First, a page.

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FILM NOIR CLASSIC COLLECTION VOL. 3 (1946-1952). Dipping into the RKO and MGM catalogues, Warner Bros.'s home entertainment division comes up with another worthy box set honoring those smoke-choked, black-and-white crime flicks that were as much about ambiance and attitude as anything else.

Based on the Raymond Chandler novel, Lady In the Lake (1946) is unusual in that director-star Robert Montgomery elected to shoot the movie with the camera serving as private eye Phillip Marlowe's point of view. It's a gimmick that works, as Marlowe (the only times we see him are during the framing sequences and whenever he stands in front of a mirror) investigates the disappearance of a magazine mogul's wife.

As timely now as then, Border Incident (1949) focuses on the issue of illegal immigration. An impossibly young Ricardo Montalban stars as a Mexican government agent who teams up with his American counterpart (George Murphy) in order to bring down the sleazy crooks exploiting Mexican laborers hoping to find work across the border. Directed by Anthony Mann (best known for his string of 1950s Westerns starring James Stewart), Border Incident is an atypical slice of noir that's startling in its brutality.

Speaking of atypical, His Kind of Woman (1951) practically defies audiences not to consider it film noir -- despite the fact that its hero doesn't smoke or gamble, the potential femme fatale is A-OK, and humor racks up as much screen time as menace. Noir leading man Robert Mitchum plays the marked patsy who gets mixed up with a ruthless crime boss (Raymond Burr), while Jane Russell costars as the beauty who looks out for his welfare. Yet the real ace in the pocket is Vincent Price, delivering one of his best performances as a hammy Shakespearean actor who relishes the opportunity to save the day. This one's a real treat.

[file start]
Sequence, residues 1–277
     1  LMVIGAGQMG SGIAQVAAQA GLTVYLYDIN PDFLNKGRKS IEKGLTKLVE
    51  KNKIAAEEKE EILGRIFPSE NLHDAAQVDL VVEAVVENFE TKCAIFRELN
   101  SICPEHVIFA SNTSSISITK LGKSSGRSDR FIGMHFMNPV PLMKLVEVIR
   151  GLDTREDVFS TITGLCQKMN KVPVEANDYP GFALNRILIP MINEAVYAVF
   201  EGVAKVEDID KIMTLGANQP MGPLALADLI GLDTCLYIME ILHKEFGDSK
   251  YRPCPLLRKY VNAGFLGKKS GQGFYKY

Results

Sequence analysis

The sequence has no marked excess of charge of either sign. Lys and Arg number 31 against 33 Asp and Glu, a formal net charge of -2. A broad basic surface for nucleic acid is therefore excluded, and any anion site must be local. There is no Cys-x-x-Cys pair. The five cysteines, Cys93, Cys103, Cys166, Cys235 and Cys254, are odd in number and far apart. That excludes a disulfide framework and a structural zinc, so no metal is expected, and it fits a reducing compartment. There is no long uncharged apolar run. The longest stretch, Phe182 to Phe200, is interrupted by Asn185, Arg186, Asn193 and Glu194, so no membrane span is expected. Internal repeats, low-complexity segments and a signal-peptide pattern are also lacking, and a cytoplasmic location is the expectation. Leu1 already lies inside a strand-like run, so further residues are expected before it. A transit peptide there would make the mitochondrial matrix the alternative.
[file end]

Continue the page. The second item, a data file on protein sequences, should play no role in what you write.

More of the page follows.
The Racket (1951) finds Mitchum again tangling with gangsters, this time as an honest cop determined to nail a hot-tempered mob boss (Robert Ryan). Based on a play (though it's anything but stagy), the film mixes exciting action scenes with interesting dynamics between the good guys and the bad guys but also between the various factions of the crime syndicate.

Ryan returns on the other side of the law in On Dangerous Ground (1952), in which he plays a bitter, broken-down cop whose latest case takes him from the mean city streets to the countryside. There, he meets a blind woman (Ida Lupino) who's a far cry from the crooks and killers who command his attention back in the city. The performances are potent and the score by Bernard Herrmann (Psycho) is terrific, but a short running time (82 minutes), often a plus in compact noirs, proves to be a detriment to a movie that needed more time to flesh out its compelling storyline.

The box set also includes a sixth disc containing the new documentary Film Noir: Bringing Darkness to Light and five vintage shorts from the Crime Doesn't Pay series; additionally, each film's DVD includes audio commentary by a noted film historian.

Lady In the Lake: ***

Border Incident: ***

His Kind of Woman: ***1/2

The Racket: ***

On Dangerous Ground: **1/2

Extras: **1/2